The U.S. Consumer Product Safety Commission estimates that each year there are approximately 5,740 snowblower related injuries in the United States which require medical attention. One problem with the design of the snow blower is that snow can build up in the auger, jamming it and stalling the motor. This is complicated by the fact that the auger could deform before applying enough resistance to the motor to turn it off. If the jam is cleared by hand, it is possible for the auger to return to its natural shape suddenly and with great force, possibly injuring the user; snow blowers are a leading cause of traumatic hand and finger amputations. The correct procedure is to turn off the engine, disengage the clutch and then clear the jam with a broom handle or other long object. In an effort to improve safety many manufactures now include a plastic tool to be used to clear jams, it is usually mount to the directly to the snow blower.
Most modern machines mitigate this problem by including a safety system known as the "Dead man's switch" (which may be electrical as implied or mechanical in design, such as a lever), to prevent the mechanism from rotating when the operator is not at the controls. In some jurisdictions, this is a mandatory requirement.
In December 2008, a snow blower accident made national headlines in the United States when Joe Sakic, the famous captain of the Colorado Avalanche hockey franchise of the National Hockey League, sustained three broken fingers and tendon damage when he attempted to clear the auger of his snowblower by hand. The team denied reports that Sakic required surgery to reattach one of his fingers.
Robert Carr Harris of Dalhousie, New Brunswick patented a "Railway Screw Snow Excavator" in 1870. In 1923, Robert E. Cole patented a snowplow that operated by using cutters and a fan to blow snow from a surface. Various other innovations also occurred. However, it is Arthur Sicard (1876–1946) who is generally credited as the inventor of the first practical snow blower. In 1925 Sicard completed his first prototype, based on a concept he described in 1894. He founded Sicard Industries in Sainte-Thérèse, Quebec and by 1927 his vehicles were in use removing snow from the roadways of the town of Outremont, now a borough of Montreal. His company is now a division of SMI-Snowblast, Inc. of Watertown, New York.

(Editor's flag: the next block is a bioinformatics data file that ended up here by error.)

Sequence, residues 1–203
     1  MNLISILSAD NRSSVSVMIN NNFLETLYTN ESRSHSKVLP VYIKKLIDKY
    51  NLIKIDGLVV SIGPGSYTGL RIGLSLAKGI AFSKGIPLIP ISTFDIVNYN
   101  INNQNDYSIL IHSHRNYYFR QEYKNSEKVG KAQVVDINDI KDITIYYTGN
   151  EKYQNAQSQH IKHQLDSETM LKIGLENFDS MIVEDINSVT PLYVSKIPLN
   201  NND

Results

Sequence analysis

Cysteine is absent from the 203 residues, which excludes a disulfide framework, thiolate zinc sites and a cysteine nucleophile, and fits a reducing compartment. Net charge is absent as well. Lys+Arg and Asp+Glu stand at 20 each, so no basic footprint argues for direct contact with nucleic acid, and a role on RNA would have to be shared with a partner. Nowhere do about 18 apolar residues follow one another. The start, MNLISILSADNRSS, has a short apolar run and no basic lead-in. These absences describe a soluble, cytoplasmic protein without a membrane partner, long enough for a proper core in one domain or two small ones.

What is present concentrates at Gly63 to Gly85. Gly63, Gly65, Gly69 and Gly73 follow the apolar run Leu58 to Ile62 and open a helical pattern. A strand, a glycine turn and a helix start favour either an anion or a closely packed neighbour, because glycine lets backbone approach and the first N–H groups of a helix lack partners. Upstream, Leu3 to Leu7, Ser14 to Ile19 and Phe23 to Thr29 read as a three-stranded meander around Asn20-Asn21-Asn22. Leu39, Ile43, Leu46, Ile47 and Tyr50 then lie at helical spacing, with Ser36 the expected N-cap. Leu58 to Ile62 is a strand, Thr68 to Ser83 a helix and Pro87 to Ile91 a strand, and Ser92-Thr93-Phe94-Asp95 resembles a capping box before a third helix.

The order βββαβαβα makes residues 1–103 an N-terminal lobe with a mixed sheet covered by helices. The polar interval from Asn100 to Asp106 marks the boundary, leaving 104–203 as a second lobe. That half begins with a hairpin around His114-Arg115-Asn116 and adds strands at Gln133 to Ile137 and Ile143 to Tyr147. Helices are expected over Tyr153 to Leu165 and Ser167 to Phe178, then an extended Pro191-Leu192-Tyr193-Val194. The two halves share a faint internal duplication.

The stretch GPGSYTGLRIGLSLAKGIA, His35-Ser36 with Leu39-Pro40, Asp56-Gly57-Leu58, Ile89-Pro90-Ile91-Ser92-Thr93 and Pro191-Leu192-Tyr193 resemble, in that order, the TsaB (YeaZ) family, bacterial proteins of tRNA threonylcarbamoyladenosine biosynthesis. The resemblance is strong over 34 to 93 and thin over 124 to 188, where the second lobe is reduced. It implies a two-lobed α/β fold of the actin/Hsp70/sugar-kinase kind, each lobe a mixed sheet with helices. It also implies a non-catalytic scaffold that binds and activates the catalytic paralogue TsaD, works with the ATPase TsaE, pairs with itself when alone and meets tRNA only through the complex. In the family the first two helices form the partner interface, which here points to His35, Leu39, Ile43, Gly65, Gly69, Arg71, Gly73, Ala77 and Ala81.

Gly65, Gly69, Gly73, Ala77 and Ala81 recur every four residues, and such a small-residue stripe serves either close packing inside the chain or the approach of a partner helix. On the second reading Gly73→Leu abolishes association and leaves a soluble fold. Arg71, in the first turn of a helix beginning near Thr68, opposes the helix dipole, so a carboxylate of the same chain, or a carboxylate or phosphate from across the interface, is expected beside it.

- Canadian jet engine used for railroad snow and ice clearing
- Russian road clearing Klimov VK1 engine
- "Snow Thrower Safety". Consumer Product Safety Commission. Retrieved 2014-01-22.
- Wyshynski, Greg. "In the battle of snowblower vs. Joe Sakic, snowblower wins - Puck Daddy - NHL Blog - Yahoo! Sports". Sports.yahoo.com. Retrieved 2014-01-22.
- "Colorado Avalanche captain Joe Sakic breaks fingers in snowblower accident - ESPN". Sports.espn.go.com. 2008-12-10. Retrieved 2014-01-22.
- Harris, R.C. (September 20, 1870). "US Patent and Trademark Office: US107485". Retrieved 18 February 2014.
- Cole, Robert (April 21, 1923). "US Patent and Trademark Office: US001545235". Retrieved 17 February 2014.
- Mario Theriault, Great Maritme Inventions 1833–1950, Goose Lane Editions, 2001, p. 61
- "The Gilson SNOW BLOWER Shop, Snowblower History". Gilsonsnowblowers.com. 2007-01-27. Retrieved 2014-01-22.
- About Sicard